The epoxidized novolac resins prepared by the instant process exhibit hydrolyzable chlorine contents under 100 ppm and ionic chloride contents under 1 ppm. The amounts of hydrolyzable chlorine found in conventional EPN or ECN resins are in the range of 200 to 1500 ppm whereas the instant process leads to EPN or ECN resins with hydrolyzable chlorine levels under 100 ppm and as low as 30-40 ppm.

In respect to ionic chloride content, conventional EPN or ECN resins have ionic chloride levels in the 5-15 ppm range whereas the instant process produces EPN or ECN resins with less than 1 ppm ionic chloride.

In respect to alkali metal ion, i.e. sodium or potassium, content, conventional EPN or ECN resins have sodium or potassium ion contents up to 5 ppm while EPN or ECN resins made by the instant process have sodium or potassium ion contents generally under 1 ppm.

The polyhydric phenols useful in the instant invention are the novolac resins obtained by the acid-catalyzed condensation of monophenols such as phenol, o-cresol, m-cresol, p-cresol and other alkylated phenols, with aldehydes such as formaldehyde, acetaldehyde, crotonaldehyde, isobutyraldehyde and the like. The preferred novolac resins are the phenol or cresol novolacs prepared from phenol, o-cresol, m-cresol or p-cresol with formaldehyde.

Alkali metal hydroxides in the sense of the invention are also to be understood as alkali metal hydroxides which contain up to 5% by weight of alkali metal carbonate or mixtures of alkali metal hydroxide and alkali metal carbonate, wherein the alkali metal carbonate content should be at most 5% by weight.

The crude epoxy novolac resin is dissolved in an inert organic solvent which is an aromatic hydrocarbon such as benzene, chlorobenzene, toluene or xylene, preferably toluene or xylene, or a ketone, such as methyl ethyl ketone, methyl isobutyl ketone or similar dialkyl ketone, preferably methyl isobutyl ketone.

After reducing the water content of the epoxy novolac resin solution to less than 0.1% by weight, conveniently by azeotropic distillation, the essentially anhydrous solution is treated with an excess amount (105-200% of the theoretical amount needed to complete dehydrochlorination based on the hydrolyzable chlorine content of the crude epoxy novolac resin) of an alkali metal alkoxide dissolved in the alkanol or other suitable solvent at a temperature of 20°-140° C., preferably at 80°-110° C.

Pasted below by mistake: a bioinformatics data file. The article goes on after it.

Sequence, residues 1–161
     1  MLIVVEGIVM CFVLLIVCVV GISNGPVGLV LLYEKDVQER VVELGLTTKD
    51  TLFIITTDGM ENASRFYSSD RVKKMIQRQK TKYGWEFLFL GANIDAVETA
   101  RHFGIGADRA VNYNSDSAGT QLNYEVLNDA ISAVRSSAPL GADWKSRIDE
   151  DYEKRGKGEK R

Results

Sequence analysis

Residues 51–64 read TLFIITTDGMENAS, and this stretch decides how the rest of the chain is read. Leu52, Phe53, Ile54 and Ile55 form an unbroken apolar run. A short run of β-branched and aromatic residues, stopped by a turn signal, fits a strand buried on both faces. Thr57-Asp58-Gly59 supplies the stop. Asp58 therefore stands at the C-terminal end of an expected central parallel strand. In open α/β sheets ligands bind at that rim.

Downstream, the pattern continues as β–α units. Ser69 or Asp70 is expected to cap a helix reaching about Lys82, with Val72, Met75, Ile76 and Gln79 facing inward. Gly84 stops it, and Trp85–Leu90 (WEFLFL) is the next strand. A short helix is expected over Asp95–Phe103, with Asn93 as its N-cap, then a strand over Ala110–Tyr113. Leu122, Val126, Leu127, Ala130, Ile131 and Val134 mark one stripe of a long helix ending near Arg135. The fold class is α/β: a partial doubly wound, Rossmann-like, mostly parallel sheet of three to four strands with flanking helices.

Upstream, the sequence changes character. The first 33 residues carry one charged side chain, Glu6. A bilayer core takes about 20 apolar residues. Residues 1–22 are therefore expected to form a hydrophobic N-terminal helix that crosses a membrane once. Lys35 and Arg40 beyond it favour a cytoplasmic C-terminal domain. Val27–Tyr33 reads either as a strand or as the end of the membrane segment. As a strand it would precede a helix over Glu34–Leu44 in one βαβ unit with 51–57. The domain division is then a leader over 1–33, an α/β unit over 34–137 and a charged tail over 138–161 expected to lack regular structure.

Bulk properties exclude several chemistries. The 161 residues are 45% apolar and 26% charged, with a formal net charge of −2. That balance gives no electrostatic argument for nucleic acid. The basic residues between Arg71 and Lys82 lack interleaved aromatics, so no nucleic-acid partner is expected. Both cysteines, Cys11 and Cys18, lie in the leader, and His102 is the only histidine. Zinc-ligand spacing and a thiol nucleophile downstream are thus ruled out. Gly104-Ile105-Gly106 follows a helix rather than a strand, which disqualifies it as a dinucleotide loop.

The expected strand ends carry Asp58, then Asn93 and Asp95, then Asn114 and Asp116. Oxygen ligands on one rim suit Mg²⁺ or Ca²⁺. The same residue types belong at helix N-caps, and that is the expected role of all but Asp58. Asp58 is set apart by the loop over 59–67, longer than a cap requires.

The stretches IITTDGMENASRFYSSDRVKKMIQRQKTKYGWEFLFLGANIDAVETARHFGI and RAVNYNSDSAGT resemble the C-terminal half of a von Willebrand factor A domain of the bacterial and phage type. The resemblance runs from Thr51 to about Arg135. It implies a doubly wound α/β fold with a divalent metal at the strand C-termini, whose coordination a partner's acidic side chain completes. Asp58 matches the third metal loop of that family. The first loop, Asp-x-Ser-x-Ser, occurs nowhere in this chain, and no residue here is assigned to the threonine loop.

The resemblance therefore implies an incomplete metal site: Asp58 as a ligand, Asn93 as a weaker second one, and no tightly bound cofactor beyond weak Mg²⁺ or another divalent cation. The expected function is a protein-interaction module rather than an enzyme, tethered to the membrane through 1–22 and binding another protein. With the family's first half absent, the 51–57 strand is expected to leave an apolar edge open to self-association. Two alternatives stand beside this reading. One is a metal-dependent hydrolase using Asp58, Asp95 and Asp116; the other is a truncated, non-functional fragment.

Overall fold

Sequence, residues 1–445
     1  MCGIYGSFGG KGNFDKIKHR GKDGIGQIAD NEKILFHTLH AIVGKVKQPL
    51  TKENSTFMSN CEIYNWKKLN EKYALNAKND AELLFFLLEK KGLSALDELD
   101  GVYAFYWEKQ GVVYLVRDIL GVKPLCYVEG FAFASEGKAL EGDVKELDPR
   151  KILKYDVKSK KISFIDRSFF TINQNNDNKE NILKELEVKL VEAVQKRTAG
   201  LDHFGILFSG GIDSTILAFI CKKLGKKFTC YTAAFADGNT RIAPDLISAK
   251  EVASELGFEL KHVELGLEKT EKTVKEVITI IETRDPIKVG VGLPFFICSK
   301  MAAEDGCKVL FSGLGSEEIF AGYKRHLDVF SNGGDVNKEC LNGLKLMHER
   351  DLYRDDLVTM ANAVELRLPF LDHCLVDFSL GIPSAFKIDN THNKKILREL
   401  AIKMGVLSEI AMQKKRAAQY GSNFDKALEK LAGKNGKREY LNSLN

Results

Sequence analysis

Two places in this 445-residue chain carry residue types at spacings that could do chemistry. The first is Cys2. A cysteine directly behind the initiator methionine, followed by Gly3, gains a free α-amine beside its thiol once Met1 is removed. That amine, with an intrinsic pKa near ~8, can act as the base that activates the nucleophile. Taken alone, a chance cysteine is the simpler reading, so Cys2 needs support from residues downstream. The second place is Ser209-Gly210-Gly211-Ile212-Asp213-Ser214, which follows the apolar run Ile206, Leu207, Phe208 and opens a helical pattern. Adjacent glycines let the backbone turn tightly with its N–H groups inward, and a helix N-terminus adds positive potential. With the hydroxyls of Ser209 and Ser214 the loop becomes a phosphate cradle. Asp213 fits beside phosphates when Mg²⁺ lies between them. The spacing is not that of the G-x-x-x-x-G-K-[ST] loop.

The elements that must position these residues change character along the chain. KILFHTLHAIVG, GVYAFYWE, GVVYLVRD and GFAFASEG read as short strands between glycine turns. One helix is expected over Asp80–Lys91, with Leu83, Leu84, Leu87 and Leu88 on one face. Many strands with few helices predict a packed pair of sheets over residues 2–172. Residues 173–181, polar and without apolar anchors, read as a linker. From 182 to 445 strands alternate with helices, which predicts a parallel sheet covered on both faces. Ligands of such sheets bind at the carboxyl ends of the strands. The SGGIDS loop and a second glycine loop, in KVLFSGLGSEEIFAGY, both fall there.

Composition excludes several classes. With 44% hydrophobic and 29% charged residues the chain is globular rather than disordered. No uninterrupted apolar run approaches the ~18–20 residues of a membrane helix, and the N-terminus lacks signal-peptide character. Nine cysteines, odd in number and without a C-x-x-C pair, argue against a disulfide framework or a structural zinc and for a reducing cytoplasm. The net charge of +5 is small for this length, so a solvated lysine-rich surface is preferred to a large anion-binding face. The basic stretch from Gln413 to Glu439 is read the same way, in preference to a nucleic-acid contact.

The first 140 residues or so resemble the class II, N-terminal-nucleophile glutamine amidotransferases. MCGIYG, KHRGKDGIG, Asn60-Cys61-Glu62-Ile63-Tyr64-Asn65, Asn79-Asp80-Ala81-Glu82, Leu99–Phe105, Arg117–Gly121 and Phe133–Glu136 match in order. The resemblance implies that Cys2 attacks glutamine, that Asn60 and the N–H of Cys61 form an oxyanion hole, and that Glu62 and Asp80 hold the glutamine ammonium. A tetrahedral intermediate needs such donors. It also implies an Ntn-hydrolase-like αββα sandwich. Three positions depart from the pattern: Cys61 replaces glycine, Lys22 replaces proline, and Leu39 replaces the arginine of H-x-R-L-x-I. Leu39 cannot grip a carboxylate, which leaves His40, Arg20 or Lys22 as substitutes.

The alkali metal alkoxides are for example sodium methylate, sodium ethoxide, potassium tert-butylate or sodium or potassium tert-amylate. The alkali metal salts of glycols, diglycols and polyglycols as well as the alkali metal salts of corresponding monoalkyl ethers of said glycols are also effective in the dehydrochlorination reaction. Examples of alkali metal alkoxides useful in the instant process are sodium methylate, sodium ethoxide, sodium n-propylate, sodium isopropylate, potassium n-propylate, potassium isopropylate, sodium tert-butylate, potassium tert-butylate, sodium tert-amylate, potassium tert-amylate, sodium or potassium salt of 2-methoxyethanol, of 2-butoxyethanol or of poly(ethylene glycol) (PEG 400).

Potassium tert-butylate is especially preferred.

The alkali metal salt of tert-alkanols are especially preferred for their high effectiveness in the dehydrochlorination reaction and the minimum increase in resin viscosity occurring with their use. Their good solubility in the organic solvent/resin mixture assures high effectiveness with minimum mixing thus not requiring high-powered mixing devices.

The alkanols useful in the instant process include methanol, ethanol, n-propanol, tert-butanol, tert-amyl alcohol and the like.

Other suitable solvents include the glycols, diglycols and polyglycols as well as the monoalkyl ethers thereof. The aromatic hydrocarbons, such as toluene, and the like, and the dialkyl ketones, such as methyl isobutyl ketone, may also be used in the instant process. Examples of said glycols are ethylene, propylene or butylene glycol. Examples of said diglycols are diethylene or dipropylene glycol. Examples of said polyglycols are triethylene glycol or polyethylene glycols (PEG) with an average molecular weight of 400 to 6000. Examples of the monoalkyl ethers include 2-methoxyethanol, 2-butoxyethanol, methyl carbitol, ethyl carbitol and butyl carbitol.